Saturday Night

Like Sunday nights, Saturdays are popular nights for youth service – especially among larger churches. Our advice? Go with a Saturday service if you have a youth ministry that your teens are itching to come to week after week. There’s no school the next day, and you’ll benefit when teens are at church rather than hanging out late into the night without adult supervision. Keep in mind, however, that Saturday nights are sacred to most teenagers. If your youth services aren’t up to par – they probably won’t show up. It’s nothing personal, except that their social lives are a high priority (right up there with breathing and sleep).

 

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Welcome to 2012, the time when more and more people (specifically young people) are attending church online. Whether you agree with it or not, the fact is — it’s happening. But instead of fighting it by trying to push teens through the door every Sunday or Wednesday, take advantage of it. This is a whole new opportunity to reach the teens in and around your community. No, that doesn’t mean it’s an excuse for your students to just stop showing up. But, rather, you can market this as an outreach to your closest mission field.

Assuming you have a youth group website or church website, (if not — stop now, and set up Easy Web Hosting $6.95) you have the power to drive students and parents to the site, and eventually through your doors using podcasting or, preferrably, video streaming. The beauty of live video streaming is in the connections. You can link to archives of previous youth services, as well as announcements or worship. These videos are easily linked to from your Facebook page, where students may choose to share the videos with other friends who, perhaps, do not currently attend your services.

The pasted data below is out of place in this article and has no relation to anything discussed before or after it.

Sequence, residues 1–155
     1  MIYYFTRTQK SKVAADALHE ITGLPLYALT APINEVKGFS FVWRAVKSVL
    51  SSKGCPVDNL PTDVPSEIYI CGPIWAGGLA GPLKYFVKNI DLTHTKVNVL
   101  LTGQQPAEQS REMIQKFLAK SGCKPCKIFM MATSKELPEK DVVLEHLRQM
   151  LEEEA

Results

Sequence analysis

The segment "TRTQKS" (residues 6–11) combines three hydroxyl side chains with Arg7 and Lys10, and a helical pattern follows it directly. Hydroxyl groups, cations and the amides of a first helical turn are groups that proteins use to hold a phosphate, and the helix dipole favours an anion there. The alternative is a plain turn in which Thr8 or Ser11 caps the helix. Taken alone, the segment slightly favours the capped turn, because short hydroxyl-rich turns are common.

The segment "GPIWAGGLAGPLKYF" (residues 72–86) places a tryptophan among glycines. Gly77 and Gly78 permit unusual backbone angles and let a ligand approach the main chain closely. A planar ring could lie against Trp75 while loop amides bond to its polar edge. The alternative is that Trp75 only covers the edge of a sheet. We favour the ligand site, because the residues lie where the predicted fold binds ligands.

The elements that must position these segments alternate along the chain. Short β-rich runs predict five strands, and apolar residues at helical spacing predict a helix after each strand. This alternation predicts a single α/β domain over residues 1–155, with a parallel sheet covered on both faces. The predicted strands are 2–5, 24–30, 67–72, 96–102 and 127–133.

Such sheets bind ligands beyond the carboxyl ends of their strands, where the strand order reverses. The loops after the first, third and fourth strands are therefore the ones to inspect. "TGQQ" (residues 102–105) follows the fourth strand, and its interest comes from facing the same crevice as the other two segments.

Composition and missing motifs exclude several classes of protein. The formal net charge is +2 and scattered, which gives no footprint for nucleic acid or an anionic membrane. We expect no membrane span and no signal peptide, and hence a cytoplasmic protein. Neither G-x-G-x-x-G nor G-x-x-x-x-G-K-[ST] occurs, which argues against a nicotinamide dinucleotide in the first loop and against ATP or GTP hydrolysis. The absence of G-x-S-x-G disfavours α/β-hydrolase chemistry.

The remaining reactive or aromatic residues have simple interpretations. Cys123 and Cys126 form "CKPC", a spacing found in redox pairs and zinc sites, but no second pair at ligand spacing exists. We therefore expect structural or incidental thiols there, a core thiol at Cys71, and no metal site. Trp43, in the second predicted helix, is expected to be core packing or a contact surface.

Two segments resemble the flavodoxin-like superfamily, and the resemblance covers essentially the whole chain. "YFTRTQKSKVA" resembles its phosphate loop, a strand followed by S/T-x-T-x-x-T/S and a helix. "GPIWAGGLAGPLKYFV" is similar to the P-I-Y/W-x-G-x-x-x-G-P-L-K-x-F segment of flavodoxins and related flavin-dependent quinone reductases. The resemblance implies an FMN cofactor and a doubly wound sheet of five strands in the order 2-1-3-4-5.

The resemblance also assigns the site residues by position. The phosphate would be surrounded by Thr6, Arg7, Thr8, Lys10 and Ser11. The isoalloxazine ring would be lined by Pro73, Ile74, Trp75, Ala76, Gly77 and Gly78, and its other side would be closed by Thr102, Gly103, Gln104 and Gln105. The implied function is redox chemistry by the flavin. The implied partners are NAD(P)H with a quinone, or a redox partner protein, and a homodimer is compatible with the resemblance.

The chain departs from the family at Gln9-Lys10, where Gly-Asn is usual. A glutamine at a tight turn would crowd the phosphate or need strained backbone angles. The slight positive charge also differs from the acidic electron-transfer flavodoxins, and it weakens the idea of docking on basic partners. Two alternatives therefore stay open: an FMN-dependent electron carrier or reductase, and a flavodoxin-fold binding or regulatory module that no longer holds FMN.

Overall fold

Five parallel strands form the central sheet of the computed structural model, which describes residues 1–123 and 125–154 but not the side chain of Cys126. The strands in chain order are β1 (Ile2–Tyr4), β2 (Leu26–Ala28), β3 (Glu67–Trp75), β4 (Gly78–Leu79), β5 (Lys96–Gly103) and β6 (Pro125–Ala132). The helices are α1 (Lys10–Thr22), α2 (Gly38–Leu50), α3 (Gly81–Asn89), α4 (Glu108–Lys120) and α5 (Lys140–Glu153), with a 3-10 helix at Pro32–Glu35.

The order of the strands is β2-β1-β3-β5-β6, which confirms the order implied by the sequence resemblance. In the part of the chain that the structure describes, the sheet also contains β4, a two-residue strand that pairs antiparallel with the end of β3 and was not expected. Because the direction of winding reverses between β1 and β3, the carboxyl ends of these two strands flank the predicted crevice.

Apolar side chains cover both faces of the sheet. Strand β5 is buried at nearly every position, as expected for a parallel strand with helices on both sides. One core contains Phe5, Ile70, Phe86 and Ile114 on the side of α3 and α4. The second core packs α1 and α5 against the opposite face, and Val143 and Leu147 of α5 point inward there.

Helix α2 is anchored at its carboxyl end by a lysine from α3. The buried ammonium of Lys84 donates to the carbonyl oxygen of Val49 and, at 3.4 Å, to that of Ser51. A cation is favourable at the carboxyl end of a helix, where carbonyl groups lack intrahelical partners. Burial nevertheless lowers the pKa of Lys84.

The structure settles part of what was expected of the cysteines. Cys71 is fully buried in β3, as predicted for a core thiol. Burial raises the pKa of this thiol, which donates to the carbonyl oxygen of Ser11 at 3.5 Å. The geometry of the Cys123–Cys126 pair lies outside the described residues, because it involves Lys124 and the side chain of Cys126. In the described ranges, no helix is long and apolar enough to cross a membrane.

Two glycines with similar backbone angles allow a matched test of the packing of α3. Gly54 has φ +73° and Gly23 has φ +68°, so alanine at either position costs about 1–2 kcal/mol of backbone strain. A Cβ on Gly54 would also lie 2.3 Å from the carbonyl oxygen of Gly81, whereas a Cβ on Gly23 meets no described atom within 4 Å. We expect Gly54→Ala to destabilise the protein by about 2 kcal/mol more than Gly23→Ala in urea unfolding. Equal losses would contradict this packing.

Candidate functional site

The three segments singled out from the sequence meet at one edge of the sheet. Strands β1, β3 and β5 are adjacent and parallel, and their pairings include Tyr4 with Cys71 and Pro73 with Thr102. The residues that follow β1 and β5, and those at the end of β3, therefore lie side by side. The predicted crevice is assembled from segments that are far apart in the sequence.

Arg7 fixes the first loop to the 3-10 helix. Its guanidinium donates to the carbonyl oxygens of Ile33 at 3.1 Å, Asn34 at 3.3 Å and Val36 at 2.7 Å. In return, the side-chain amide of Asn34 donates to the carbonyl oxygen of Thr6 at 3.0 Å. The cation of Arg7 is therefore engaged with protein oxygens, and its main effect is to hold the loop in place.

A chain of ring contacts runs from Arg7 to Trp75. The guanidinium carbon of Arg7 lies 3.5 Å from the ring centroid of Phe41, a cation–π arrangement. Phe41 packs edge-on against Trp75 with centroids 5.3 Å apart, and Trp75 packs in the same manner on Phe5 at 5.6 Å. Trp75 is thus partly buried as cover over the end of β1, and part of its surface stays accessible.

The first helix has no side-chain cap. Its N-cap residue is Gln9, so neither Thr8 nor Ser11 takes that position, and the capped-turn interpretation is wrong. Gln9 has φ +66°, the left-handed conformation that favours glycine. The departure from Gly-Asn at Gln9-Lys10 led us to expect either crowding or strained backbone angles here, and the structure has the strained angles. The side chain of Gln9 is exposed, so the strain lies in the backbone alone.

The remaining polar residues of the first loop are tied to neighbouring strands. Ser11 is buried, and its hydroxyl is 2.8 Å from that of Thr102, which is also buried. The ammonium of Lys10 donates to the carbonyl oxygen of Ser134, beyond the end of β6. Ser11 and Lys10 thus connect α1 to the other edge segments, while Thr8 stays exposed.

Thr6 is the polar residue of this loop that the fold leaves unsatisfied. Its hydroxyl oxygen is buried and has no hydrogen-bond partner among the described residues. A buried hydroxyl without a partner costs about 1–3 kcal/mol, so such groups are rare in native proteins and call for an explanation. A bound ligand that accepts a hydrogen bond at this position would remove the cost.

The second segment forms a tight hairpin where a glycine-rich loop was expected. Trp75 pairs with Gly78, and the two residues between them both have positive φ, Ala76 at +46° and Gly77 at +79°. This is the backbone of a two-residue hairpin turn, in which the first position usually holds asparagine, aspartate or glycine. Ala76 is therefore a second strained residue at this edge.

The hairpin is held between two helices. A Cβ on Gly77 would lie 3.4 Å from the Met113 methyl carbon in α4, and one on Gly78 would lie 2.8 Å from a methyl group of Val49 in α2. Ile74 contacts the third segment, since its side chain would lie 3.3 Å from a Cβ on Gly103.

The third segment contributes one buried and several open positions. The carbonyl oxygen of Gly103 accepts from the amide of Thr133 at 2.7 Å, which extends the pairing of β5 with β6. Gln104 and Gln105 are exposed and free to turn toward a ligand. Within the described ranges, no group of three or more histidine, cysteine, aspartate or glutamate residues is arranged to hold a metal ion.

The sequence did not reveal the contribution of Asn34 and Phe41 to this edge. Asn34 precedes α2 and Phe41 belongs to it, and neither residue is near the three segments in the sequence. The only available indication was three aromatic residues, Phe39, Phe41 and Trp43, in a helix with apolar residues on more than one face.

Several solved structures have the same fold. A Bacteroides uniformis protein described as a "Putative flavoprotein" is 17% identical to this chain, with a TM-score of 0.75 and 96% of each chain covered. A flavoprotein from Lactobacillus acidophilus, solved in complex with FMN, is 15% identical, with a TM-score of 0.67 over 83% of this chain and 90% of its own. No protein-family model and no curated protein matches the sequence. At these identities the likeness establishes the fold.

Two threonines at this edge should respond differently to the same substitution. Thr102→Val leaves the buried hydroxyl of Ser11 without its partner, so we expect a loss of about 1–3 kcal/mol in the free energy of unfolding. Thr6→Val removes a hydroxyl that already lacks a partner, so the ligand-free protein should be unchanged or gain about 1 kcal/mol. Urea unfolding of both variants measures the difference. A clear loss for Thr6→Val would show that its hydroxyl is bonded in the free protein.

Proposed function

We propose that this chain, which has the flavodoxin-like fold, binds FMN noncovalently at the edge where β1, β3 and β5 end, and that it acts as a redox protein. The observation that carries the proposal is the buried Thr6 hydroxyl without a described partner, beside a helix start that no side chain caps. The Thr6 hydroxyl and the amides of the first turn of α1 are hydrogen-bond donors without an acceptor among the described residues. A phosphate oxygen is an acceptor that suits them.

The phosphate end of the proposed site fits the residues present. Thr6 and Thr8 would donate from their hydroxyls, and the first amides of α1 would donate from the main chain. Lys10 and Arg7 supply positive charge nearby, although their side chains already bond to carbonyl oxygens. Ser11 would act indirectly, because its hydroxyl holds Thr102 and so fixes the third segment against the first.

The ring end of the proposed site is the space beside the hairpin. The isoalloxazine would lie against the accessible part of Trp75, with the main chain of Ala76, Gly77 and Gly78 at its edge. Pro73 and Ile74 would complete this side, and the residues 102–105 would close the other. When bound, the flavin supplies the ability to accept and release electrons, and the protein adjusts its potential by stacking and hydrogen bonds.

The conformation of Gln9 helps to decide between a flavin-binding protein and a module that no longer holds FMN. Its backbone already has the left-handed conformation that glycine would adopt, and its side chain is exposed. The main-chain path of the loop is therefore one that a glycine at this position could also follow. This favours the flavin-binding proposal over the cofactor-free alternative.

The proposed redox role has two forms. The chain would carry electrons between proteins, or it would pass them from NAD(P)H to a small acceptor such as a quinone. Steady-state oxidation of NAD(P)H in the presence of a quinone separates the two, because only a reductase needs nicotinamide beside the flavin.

If other students in your community start watching your services online, you may not see their faces personally at first, but after a few weeks of watching, don’t be surprised if some start showing up in person — especially when you host special event nights..

Cheap Video Streaming

It’s no secret that youth groups are on a budget. The cheapest (Read: FREE) way to video stream is by recording your services, and then posting them to YouTube. As you well know, YouTube videos are easily linked on Facebook, and they can be embedded into your website with some simple HTML code that you get right from the YouTube website once your video has been uploaded. You can start acquiring channel subscribers on YouTube who return to watch additional messages, skits, etc. in the future.

If you would rather produce higher quality videos that look professional, you can use a video streaming services, or learn more about online streaming with a written guide. There are several of them out there. Check your local book store, or if you have the patience to wait two days for shipping, you could probably save a lot of money ordering through Amazon. The Streaming Media Bible is a great option, although there are many products that could help your stream cast your church services.

It’s All About the Kids